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SHAG 101: The Dos And Don'ts

SHAG 101: The Dos And Don'ts

From the section elevation to the texturizing techniques, the shag is highly customizable with a lot of personality—if you know how to slay it. We reached out to ARC™ Scissors Architect and shag expert Rachel Williams (@rachelwstylist) to get all of her tips and tricks to ease you in and set you (and your shags) up for success.

 

What Is A Shag Haircut?

Originally created by the barber Paul McGregor, the shag traditionally consists of layers that are feathered at the top and sides, making the hair full around the crown, and thinner around the edges and throughout the ends.

"The shag is ideal for medium to thick hair types and straight, wavy or curly hair. It’s a cut for all lifestyles, but if you’re a tousle and go type—this cut is perfect for you," Rachel explains. "It’s low maintenance and really shows off the natural texture of the hair. Perfect to style with a little volume mousse and let air dry or diffuse with a blow dryer." 

 

Key Elements To Cutting A Shag

1. Consultation

Since the shag has so many layers, it removes a lot of weight from the hair. This can catch a client off guard when watching you work in the mirror, so make sure you set expectations before you begin! "I feel that it is super important to always have a consultation first so the client fully understands the haircut and is not alarmed when they see so much hair being removed," explains Rachel.

2. Texture

For each client, its super important to take note of their natural texture and how they wear their hair most often before approaching the cut. 

  • If the hair is naturally straight, Rachel recommends starting the entire cut wet and then detailing when dry.
  • For hair that is wavy or curly, Rachel begins to cut dry (in its natural state) to really customize the cut to the client's texture so it is easy to maintain and style.

Rachel uses the 28/4 Reversible Thinner to texturize her shags:

Pro Tip: The 28/4 creates seamless movement without any bulk. With razor-sharp teeth perfectly spaced out to remove up to 40% of weight, this texturizer grabs onto hair with ease to detail out any cut with ease. The reversible construction allows you to angle the scissor in any direction to reach fine corners for one-of-a-kind cuts with blown out volume. 

3. Density

The shag haircut works on all density levels. However, a lot of people tend to mix up fine hair and thin hair. "I will never recommend a shag for thin hair because it is such a layered cut that it will take out too much weight and look like a mullet," says Rachel.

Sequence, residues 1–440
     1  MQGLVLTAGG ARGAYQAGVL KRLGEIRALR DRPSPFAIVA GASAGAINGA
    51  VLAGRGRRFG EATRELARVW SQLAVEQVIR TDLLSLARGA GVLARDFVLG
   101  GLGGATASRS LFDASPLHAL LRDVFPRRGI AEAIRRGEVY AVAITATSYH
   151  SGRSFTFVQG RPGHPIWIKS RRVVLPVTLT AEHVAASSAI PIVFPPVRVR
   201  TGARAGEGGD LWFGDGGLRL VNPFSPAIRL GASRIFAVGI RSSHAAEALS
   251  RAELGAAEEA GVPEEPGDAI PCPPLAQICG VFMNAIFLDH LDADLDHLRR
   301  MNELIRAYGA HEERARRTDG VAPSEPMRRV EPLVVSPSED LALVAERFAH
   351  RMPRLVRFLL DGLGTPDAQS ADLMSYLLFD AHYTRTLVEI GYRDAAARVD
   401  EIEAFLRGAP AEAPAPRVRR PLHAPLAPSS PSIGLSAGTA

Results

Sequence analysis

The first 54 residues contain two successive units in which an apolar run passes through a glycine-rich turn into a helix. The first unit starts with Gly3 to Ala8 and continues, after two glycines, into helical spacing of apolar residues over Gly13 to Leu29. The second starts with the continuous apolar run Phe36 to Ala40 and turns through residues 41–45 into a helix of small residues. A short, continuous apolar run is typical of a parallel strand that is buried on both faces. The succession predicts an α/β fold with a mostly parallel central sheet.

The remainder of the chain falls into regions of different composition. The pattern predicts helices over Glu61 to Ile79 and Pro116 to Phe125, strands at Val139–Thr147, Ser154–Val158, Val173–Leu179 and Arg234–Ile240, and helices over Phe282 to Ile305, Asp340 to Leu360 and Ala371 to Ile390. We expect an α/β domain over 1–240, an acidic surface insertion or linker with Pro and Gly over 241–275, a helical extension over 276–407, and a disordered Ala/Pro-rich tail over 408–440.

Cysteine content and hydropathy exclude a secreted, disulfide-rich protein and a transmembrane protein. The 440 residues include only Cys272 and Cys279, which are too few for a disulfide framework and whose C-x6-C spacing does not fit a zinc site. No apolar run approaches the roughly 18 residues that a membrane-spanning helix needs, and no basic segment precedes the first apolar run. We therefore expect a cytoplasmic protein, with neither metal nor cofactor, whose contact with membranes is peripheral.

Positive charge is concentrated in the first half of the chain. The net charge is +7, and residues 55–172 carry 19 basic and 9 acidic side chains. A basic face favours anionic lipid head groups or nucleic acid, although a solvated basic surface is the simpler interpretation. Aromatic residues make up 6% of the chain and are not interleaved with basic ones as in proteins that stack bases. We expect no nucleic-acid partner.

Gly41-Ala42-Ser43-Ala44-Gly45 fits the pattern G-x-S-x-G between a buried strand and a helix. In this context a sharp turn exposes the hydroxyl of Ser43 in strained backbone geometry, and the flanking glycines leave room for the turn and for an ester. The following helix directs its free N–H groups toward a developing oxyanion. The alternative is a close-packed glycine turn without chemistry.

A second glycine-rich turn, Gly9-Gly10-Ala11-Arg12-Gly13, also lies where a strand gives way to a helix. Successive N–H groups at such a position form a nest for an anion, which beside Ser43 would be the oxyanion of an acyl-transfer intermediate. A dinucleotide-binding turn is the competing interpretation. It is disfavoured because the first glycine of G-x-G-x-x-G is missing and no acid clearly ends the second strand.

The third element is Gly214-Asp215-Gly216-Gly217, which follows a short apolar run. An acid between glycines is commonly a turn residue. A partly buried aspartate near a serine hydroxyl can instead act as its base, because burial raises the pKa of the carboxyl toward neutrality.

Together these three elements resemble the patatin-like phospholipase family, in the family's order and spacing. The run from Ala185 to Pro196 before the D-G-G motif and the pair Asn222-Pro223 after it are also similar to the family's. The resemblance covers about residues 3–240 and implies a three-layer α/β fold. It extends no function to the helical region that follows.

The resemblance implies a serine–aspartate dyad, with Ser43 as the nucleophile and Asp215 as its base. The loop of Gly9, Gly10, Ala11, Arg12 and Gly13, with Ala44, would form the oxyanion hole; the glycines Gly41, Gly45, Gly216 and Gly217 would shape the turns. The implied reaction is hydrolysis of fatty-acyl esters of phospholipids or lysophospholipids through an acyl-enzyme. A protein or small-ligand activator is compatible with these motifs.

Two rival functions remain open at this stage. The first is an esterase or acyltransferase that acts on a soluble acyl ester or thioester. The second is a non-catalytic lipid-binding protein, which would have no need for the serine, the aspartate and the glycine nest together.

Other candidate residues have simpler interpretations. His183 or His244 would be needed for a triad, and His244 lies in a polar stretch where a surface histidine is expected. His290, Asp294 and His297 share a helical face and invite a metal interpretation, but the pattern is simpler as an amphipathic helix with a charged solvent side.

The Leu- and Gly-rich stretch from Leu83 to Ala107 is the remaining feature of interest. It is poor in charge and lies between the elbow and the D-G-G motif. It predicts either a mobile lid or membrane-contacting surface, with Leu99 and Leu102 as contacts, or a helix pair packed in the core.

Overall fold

4. Length

Rachel likes to establish her client's desired length first because it will be her guide to the rest of the cut. "Start with the hair below the occipital bone and hold the section straight out to 90 degrees. Cut your desired length and establish your perimeter. This will be your guide for the rest of your cut," explains Rachel.

 

What are some of the biggest mistakes you can make when cutting a shag? 

1.  Removing too much weight

"One of the biggest mistakes made when cutting a shag is taking too much weight out of the mid and bottom layers, which can create an outdated mullet," Rachel explains. "An easy way to prevent this from happening is to leave the section behind the ear out. The hair has less density in that area so it is best to detail that section when the hair is dry and in its natural state."

2. Not using your guide

After you have established your length, use that as your guide for the rest of the cut. Rachel uses her 6" ARC™ Scissors PHANTOM II to create the framework of the shag on wet hair. The PHANTOM II is able to transition from wet to dry cuts seamlessly, making it a go-to for a strong guide AND detailing. The razor-sharp blades create a guide that can't be missed. "Without a guide, you will create uneven weight and ultimately and unbalanced haircut with and a lot of weight lines," explains Rachel.   

Ready to put Rachel's tips to the test?

 

3. Detailing on wet hair

"Always detail a shag when the hair is dry so you can see how the hair will lay naturally," recommends Rachel. "Don't remove weight on wet hair! It can be easy to take too much weight out."

Rachel uses the ARC™ Scissors™ SYMMETRY 30/2 Reversible Blender on dry hair to remove weight and texturize the bangs and face framing layers. The 30/2 creates soft texture that is easily customizable and a great beginner-friendly texturizer for minimal hair removal. 

SYMMETRY 30/2 Reversible Blender:

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